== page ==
A much delayed project is now providing water in neighboring states, but it's still unclear whether Minnesota will benefit.
One-hundred-fifty years after the government exiled most Dakota from Minnesota following the U.S. Dakota War of 1862, more than 250 people made a symbolic return to the state.
It was 150 years ago today that four angry Dakota Indians killed several settlers near the tiny town of Acton, Minn. Within a day, the Lower Sioux Agency had been overrun and an unprecedented war between the Dakota and U.S. soldiers had begun. The effects of that war, which lasted just a few weeks, still reverberate in Minnesota today.
The weather, especially the drought, has been a major topic at Farmfest, the big agricultural trade show that wrapped up Thursday.
Kurt Bills, the Republican-endorsed candidate for U.S. Senate took aim at Democratic U.S. Sen. Amy Klobuchar on Tuesday for her support of a farm bill that recently passed the Senate.
On top of a punishing drought, corn rootworm is adding to crop damage in parts of Minnesota and elsewhere -- even though the plants are supposed to be immune from the bug.
More than half the United States is in drought, including parts of southern and western Minnesota. But even in areas where there's been enough rain, the dry weather is causing severe financial pain in Minnesota's $6 billion dollar livestock industry.
In some parts of Minnesota, crops continue to deteriorate because of hot, dry weather. The worst-hit areas of southwest Minnesota have corn fields that will yield half the crop that had been expected -- or less.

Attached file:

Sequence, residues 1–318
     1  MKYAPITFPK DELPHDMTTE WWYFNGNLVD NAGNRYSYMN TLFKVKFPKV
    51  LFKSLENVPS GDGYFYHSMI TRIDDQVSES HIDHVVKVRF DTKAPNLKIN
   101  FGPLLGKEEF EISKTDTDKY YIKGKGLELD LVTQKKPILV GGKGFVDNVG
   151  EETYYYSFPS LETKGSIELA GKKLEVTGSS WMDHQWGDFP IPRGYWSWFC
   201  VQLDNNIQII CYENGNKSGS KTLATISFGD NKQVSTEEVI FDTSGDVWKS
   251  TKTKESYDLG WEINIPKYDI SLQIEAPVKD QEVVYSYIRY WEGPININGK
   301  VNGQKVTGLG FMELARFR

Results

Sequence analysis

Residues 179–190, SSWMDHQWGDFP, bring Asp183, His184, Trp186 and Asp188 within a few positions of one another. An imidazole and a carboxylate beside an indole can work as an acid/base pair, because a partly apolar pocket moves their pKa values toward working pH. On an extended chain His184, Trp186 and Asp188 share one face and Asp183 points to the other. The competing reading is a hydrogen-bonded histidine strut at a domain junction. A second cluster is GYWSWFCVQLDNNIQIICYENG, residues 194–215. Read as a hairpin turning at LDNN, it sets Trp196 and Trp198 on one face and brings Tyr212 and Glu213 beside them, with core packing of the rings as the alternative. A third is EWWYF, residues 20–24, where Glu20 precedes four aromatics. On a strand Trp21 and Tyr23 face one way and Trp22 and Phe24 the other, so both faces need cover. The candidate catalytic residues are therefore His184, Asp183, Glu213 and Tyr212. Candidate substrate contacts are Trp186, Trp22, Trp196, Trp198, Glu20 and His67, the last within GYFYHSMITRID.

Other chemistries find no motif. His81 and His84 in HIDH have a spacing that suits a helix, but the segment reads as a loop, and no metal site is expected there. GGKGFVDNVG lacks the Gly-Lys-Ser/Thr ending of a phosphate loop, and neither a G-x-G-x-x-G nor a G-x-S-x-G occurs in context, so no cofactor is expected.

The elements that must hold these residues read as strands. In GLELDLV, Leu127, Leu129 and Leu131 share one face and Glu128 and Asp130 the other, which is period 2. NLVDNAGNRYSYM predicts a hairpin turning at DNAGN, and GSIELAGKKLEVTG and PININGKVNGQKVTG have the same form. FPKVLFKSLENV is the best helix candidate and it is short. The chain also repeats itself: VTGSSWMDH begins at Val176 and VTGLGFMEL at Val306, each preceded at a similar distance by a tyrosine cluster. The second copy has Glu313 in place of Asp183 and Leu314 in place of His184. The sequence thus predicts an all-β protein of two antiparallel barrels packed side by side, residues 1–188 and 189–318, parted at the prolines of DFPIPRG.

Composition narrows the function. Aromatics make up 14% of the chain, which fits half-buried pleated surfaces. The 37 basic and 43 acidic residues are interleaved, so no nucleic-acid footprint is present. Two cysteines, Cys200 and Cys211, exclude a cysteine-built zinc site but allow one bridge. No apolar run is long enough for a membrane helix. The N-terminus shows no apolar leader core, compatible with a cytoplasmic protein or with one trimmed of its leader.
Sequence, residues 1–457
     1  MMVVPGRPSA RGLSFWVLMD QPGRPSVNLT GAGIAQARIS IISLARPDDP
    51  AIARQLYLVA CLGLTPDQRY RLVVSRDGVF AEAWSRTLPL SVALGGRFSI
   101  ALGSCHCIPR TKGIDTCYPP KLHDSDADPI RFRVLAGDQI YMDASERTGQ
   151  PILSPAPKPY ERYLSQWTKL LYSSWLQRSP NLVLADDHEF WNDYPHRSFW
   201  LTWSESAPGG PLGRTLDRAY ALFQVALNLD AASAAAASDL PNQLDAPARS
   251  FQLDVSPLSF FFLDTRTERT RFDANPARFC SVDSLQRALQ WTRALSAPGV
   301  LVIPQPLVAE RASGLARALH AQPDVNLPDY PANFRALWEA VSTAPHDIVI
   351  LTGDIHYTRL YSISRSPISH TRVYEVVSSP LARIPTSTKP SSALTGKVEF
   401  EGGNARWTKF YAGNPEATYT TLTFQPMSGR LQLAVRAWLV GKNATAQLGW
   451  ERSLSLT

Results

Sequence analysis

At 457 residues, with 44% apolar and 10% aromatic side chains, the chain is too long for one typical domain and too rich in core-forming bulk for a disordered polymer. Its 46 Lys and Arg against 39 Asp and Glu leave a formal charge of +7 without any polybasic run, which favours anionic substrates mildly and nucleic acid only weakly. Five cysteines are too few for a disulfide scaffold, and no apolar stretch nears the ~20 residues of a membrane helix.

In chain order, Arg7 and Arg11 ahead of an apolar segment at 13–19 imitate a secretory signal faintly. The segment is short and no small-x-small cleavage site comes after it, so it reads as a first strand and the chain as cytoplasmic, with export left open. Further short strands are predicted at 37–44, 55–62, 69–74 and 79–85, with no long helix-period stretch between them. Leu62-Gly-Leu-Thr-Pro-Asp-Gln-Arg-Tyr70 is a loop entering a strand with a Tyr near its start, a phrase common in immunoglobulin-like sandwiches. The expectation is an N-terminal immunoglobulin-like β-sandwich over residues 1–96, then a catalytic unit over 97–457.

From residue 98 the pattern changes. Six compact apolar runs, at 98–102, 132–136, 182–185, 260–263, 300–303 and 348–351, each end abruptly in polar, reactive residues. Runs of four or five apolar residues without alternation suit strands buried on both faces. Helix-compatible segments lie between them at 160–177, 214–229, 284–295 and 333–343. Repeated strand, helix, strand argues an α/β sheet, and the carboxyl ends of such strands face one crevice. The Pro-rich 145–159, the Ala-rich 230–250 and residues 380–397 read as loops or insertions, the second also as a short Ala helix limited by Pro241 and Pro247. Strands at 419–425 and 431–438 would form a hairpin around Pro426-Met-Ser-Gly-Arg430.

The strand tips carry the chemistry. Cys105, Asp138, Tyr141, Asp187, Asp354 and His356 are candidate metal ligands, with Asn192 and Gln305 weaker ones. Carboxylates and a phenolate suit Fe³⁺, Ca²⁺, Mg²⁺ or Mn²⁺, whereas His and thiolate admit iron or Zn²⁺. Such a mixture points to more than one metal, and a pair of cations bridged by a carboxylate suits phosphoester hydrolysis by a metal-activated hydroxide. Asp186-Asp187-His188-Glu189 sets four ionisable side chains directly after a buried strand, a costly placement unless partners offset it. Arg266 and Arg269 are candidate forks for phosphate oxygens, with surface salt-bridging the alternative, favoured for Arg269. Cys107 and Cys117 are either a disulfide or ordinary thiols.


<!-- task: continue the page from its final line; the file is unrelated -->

A report released this afternoon shows continued slow decline in Minnesota's corn and soybean crops because of dry weather.
MPR's Mark Steil speaks with Tom Crann of All Things Considered regarding the drought that affects parts of northwest, southwest and southeast Minnesota.
Drought conditions in the Midwest are intensifying and starting to affect Minnesota crops, as both corn and soybeans took a step backwards over the last week.
"Knee high by the Fourth of July." There's no clear explanation when, where or why the phrase started. It sticks around as a simple rhyme that people love to say. But the phrase has outlived its usefulness.
Fines for transporting invasive species in Minnesota doubled on July 1, and DNR officers are checking boats for violations over the holiday period.
Recent rains have boosted Minnesota corn farmers' prospects for 2012 and drought conditions elsewhere could drive up the prices they will be able to get this fall.
Three people have been charged with stealing $1.6 million in meat over several years from a southwest Minnesota packing plant.